The limitations of this study fall into 2 categories: data issues and
generalizability. Immunization rates may be understated because we insisted
on written documentation. We did this because we have previously found parental
report to be inaccurate.10 The second data
issue is that we only know the date, and not the location, of the first HBV
vaccine dose. Ninety percent of immunizations received in month 0 were received
within 10 days of birth. Most of these were probably given in the hospital,
but a small proportion of immunizations we categorized as "at-birth" may have
occurred during a postnatal visit in a clinic.
Several factors could potentially limit generalizability of our findings
about immunization at birth to other inner-city populations. First, these
data reflect the immunization experience of children in a single, large housing
development in Chicago, and there may be conditions unique to this setting.
Although all the families live in the same housing development, the range
of medical care providers is surprisingly diverse: the 1447 children enrolled
in PIP report over 80 different primary care providers. A second limitation
is that all of the children were enrolled in PIP. It is unlikely that the
reminder-recall intervention affected HBV immunization rates because most
of the children were enrolled in PIP after their HBV series should have been
completed. The mean age at enrollment was 26 months, and so data on immunizations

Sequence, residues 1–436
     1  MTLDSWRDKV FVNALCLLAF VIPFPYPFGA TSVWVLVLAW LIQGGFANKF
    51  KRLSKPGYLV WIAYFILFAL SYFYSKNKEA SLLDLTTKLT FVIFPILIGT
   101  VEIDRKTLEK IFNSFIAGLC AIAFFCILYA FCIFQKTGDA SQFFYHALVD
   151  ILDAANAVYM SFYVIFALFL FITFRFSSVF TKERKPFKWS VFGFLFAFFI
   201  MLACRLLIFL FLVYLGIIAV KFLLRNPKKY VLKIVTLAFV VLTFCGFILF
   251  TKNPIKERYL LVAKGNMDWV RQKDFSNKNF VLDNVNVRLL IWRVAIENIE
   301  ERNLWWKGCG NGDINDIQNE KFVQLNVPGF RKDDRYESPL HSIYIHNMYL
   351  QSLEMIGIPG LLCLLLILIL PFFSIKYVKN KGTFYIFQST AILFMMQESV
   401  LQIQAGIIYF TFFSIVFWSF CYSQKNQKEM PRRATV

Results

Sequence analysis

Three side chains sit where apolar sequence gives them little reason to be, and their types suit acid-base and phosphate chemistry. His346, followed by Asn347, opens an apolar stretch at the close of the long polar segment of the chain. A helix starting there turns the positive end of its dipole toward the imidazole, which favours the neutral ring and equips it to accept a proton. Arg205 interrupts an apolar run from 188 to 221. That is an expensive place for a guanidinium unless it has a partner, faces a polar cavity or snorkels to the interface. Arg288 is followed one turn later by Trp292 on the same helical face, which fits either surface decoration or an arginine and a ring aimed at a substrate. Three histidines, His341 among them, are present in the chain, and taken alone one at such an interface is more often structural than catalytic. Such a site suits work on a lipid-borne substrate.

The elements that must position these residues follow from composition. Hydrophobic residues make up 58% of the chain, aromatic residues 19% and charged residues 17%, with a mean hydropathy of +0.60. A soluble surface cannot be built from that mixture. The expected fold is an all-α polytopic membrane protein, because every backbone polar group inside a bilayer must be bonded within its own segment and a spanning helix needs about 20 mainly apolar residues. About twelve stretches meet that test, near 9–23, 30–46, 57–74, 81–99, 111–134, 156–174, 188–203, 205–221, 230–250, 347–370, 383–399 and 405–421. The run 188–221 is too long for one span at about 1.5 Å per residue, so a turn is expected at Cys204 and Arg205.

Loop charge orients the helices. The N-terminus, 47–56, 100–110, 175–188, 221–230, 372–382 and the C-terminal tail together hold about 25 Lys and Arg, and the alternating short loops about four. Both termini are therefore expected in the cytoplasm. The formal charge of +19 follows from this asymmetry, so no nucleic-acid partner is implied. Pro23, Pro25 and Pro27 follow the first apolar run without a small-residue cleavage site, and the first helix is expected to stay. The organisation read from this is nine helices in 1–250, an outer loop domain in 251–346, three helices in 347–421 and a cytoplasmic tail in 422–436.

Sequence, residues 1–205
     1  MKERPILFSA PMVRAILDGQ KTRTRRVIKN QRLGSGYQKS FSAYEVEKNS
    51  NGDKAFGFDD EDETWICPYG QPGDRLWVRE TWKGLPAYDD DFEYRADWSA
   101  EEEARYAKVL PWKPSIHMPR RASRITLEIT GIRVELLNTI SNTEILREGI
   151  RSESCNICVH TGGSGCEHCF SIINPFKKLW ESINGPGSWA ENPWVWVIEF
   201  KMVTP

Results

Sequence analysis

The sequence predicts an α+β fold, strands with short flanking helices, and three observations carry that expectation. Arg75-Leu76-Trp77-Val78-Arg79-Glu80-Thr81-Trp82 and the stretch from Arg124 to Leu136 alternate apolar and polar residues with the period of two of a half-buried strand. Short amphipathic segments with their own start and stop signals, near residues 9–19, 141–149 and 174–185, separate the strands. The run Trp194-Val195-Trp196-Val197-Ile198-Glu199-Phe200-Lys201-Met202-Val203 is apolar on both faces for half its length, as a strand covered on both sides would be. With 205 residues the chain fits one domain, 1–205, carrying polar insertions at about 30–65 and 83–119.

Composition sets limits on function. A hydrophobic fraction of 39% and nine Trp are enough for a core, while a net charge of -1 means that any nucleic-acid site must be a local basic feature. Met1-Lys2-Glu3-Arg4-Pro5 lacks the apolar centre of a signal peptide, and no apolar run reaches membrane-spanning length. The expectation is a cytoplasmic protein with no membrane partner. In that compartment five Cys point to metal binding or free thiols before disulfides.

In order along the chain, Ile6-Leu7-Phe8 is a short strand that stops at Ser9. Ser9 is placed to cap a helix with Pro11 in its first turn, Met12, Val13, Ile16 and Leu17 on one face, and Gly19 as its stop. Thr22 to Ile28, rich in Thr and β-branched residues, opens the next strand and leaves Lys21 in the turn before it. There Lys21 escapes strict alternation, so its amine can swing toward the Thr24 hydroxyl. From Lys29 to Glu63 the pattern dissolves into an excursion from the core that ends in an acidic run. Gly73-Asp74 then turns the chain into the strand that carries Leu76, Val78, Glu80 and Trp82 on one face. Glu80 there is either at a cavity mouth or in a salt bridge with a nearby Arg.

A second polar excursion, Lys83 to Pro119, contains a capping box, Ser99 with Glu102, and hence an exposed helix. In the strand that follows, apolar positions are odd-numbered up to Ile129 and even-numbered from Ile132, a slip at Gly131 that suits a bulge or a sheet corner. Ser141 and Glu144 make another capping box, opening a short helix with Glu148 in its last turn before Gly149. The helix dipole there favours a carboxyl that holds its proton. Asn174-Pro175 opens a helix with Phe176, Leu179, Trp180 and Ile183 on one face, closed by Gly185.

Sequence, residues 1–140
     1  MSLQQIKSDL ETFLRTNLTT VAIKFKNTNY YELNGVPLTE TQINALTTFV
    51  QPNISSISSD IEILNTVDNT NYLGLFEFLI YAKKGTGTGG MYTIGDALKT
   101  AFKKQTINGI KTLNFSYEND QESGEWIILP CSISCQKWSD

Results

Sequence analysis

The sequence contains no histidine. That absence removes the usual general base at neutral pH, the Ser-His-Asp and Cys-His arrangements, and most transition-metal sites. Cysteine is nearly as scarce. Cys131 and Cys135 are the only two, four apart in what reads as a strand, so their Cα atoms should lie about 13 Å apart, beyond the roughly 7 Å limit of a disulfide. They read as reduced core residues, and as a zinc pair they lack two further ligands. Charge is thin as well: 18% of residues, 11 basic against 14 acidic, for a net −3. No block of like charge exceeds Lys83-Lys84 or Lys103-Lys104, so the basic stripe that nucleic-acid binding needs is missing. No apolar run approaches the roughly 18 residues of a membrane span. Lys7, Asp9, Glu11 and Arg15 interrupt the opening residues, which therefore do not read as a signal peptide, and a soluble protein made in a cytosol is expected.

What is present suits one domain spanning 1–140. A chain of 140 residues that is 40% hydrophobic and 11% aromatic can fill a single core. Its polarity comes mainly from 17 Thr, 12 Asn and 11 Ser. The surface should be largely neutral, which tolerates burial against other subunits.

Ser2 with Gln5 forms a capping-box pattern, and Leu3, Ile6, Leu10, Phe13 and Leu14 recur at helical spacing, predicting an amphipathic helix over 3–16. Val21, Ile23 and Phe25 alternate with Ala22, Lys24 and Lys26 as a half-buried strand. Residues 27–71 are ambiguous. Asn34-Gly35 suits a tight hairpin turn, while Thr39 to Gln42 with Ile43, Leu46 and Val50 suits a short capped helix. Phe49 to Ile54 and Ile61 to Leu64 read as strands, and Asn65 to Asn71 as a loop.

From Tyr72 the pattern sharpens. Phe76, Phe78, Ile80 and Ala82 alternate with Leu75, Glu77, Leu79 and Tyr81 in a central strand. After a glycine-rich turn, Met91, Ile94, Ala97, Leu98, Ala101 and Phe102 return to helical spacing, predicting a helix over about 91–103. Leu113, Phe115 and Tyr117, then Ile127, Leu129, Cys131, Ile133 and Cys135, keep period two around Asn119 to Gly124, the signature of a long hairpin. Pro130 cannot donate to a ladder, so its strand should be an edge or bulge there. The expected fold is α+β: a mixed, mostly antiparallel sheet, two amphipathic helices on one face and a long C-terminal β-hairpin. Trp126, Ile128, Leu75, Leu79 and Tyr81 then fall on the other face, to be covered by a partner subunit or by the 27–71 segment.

at birth to age 18 months primarily were collected retrospectively. A third
potential limitation is the number of immunization-related programs available
to families in public housing in Chicago. The relative availability of health-related
programs to public housing residents in other cities, or geographic variation
in hospital immunization policies, could affect generalizability to other
inner-city populations. The question of whether these findings can be generalized
to populations with higher immunization rates is also unknown.
If these findings are replicated in other populations, they suggest
a new factor to be considered in articulating HBV vaccine guidelines: the
impact of beginning a vaccine series at birth on subsequent vaccine receipt.
Our data suggest that introducing the immunization process at birth may be
one way to improve immunization rates in populations with persistently low